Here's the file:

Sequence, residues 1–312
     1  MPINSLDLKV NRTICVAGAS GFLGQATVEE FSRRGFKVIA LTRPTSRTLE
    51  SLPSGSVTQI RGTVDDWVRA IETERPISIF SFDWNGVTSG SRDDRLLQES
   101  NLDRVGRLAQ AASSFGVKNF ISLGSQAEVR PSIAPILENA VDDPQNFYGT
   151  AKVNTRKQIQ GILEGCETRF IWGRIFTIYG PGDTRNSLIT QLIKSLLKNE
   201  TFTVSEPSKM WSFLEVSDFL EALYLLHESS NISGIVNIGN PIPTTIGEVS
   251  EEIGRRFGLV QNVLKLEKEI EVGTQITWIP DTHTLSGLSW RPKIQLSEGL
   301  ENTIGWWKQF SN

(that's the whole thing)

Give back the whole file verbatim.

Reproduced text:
Sequence, residues 1–312
     1  MPINSLDLKV NRTICVAGAS GFLGQATVEE FSRRGFKVIA LTRPTSRTLE
    51  SLPSGSVTQI RGTVDDWVRA IETERPISIF SFDWNGVTSG SRDDRLLQES
   101  NLDRVGRLAQ AASSFGVKNF ISLGSQAEVR PSIAPILENA VDDPQNFYGT
   151  AKVNTRKQIQ GILEGCETRF IWGRIFTIYG PGDTRNSLIT QLIKSLLKNE
   201  TFTVSEPSKM WSFLEVSDFL EALYLLHESS NISGIVNIGN PIPTTIGEVS
   251  EEIGRRFGLV QNVLKLEKEI EVGTQITWIP DTHTLSGLSW RPKIQLSEGL
   301  ENTIGWWKQF SN